The Landgericht Berlin has ruled that a company may not charge a fee for payment by credit card or instant transfer if a free payment is only possible with the payment method “Visa Entropay”, which is largely unknown in Germany. The court thus joins the case law of, among others, the Regional Court of Munich, which I addressed in this post.

Opodo, the travel agent sued in the present case, had offered flights which could only be paid free of charge with the virtual card ‘Visa Entropay’. For other payment methods, Opodo charged an additional fee. For example, a fare of 122.35 euros increased by 6.90 euros if the customer decided to pay with a credit card from Visa, Mastercard or American Express. An instant transfer should cost 4 euros.

Since June 2014, however, providers have been legally obliged to offer their customers a free, reasonable and common payment option. If a company offers several variants, it may charge a fee for individual payment methods. However, this must not exceed the costs incurred by the company itself as a result of the use of the means of payment. This is regulated by Section 270a of the German Civil Code (BGB).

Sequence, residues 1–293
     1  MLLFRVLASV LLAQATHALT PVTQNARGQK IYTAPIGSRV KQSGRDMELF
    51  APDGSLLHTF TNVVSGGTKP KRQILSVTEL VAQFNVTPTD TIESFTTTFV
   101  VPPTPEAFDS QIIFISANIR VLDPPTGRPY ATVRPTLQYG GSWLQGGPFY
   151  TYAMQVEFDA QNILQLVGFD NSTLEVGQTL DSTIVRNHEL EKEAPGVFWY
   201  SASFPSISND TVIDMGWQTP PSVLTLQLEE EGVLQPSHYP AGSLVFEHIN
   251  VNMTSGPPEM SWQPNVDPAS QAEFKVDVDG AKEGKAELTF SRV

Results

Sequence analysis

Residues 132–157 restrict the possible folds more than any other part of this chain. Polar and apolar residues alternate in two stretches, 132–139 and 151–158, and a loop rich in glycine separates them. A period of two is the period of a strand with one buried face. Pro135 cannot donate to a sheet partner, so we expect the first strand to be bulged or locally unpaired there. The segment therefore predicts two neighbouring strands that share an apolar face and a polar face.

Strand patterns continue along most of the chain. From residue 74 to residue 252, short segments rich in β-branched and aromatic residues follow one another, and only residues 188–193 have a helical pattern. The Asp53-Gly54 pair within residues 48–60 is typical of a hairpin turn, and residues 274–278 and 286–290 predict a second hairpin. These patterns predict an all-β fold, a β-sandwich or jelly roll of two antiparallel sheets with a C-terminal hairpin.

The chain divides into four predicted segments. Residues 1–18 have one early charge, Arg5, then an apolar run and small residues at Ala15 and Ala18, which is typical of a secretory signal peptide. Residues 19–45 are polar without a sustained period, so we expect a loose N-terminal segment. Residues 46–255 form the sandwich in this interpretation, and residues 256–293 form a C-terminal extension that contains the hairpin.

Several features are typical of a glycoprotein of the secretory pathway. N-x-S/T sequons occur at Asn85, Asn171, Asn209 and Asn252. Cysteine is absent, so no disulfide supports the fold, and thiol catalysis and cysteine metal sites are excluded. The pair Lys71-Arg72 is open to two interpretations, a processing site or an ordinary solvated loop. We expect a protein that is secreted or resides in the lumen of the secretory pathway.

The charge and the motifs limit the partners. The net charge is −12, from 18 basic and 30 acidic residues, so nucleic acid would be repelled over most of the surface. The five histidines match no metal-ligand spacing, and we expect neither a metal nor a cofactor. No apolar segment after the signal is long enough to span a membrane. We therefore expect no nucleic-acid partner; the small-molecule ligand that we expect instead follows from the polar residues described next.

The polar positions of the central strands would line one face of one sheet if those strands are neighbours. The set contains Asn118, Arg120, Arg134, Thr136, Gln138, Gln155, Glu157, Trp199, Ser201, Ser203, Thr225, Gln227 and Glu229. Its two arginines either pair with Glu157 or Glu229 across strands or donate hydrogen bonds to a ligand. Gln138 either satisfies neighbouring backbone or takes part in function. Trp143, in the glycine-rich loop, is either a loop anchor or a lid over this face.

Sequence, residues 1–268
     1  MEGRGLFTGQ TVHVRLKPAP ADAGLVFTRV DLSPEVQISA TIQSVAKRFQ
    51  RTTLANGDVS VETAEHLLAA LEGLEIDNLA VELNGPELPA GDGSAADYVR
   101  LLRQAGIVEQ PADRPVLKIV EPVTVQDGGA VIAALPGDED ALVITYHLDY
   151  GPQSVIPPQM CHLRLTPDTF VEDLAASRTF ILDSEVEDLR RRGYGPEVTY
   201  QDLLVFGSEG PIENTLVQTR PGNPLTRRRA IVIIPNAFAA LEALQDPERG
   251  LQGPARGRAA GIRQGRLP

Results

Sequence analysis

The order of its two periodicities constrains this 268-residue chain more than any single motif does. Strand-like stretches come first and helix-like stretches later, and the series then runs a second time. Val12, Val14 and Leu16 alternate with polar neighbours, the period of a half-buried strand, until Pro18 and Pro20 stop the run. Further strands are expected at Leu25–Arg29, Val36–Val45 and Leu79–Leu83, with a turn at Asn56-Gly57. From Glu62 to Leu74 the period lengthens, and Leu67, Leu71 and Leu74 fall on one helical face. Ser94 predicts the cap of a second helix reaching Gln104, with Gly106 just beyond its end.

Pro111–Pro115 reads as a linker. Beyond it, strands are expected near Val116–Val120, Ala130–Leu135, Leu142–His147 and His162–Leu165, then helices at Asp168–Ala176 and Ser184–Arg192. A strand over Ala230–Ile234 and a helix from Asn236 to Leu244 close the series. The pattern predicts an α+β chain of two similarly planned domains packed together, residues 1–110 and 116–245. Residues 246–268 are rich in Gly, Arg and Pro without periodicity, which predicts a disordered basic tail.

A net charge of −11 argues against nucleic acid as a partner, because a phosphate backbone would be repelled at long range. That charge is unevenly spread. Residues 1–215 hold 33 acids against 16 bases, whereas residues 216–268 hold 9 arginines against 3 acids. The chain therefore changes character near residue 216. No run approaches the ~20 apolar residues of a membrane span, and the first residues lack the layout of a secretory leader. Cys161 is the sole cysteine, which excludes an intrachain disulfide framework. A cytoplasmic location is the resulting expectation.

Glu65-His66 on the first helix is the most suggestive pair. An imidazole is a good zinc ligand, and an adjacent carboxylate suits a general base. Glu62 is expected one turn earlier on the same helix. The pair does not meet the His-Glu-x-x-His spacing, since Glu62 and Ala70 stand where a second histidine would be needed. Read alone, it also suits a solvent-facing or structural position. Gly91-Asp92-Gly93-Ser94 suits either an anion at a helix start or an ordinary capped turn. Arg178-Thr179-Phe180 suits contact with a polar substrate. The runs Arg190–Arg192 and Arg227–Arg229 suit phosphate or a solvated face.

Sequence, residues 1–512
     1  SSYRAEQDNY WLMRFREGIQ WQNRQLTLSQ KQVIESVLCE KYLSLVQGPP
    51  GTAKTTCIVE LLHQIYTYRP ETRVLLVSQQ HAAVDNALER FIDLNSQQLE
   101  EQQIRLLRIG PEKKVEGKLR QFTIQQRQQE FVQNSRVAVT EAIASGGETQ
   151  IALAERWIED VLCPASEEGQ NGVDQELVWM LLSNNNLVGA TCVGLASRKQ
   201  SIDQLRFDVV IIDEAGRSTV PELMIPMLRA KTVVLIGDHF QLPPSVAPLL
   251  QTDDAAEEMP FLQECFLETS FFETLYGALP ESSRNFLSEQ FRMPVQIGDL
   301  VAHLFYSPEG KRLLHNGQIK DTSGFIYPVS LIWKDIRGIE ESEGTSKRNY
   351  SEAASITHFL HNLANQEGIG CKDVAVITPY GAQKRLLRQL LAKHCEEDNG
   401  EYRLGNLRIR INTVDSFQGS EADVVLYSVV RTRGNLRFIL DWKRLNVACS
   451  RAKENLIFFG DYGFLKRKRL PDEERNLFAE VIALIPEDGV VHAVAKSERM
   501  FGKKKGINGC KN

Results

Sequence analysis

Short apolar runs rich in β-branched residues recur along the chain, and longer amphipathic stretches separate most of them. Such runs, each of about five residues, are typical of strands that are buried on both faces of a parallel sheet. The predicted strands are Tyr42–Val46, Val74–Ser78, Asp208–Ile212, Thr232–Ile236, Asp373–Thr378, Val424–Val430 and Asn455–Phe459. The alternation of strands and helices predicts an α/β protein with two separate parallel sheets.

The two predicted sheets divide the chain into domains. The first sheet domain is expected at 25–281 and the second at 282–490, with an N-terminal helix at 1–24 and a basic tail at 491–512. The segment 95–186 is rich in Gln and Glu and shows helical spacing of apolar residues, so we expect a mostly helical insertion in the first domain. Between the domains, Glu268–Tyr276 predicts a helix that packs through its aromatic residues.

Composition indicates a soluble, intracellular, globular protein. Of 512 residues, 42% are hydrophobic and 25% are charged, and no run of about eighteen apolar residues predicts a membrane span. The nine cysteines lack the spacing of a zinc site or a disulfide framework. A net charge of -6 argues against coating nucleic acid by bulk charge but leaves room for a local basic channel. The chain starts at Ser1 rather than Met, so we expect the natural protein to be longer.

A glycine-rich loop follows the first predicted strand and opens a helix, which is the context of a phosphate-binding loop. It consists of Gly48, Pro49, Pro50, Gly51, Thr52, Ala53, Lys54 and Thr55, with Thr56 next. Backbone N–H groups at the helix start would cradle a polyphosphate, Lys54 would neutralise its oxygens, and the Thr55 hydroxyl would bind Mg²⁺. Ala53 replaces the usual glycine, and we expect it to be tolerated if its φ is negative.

“Visa Entropay” was not sufficient for the court as the only free payment option, because it did not meet the legal requirements for a common and reasonable means of payment in Germany. In addition, the required payment fee is ineffective because it significantly exceeds the costs of the company. The vzbv had argued that the cost of a credit card payment is only 0.8 to 2.5 percent of the fare, depending on the agreement between the card institute and the company. Opodo, on the other hand, had demanded a payment fee of around 5 percent for a trial booking. In court, the company failed to prove that it incurdsuchd such high costs as a result of the use of credit cards.

However, the judgment is not final, as Opodo has appealed to the Chamber Court in Berlin.

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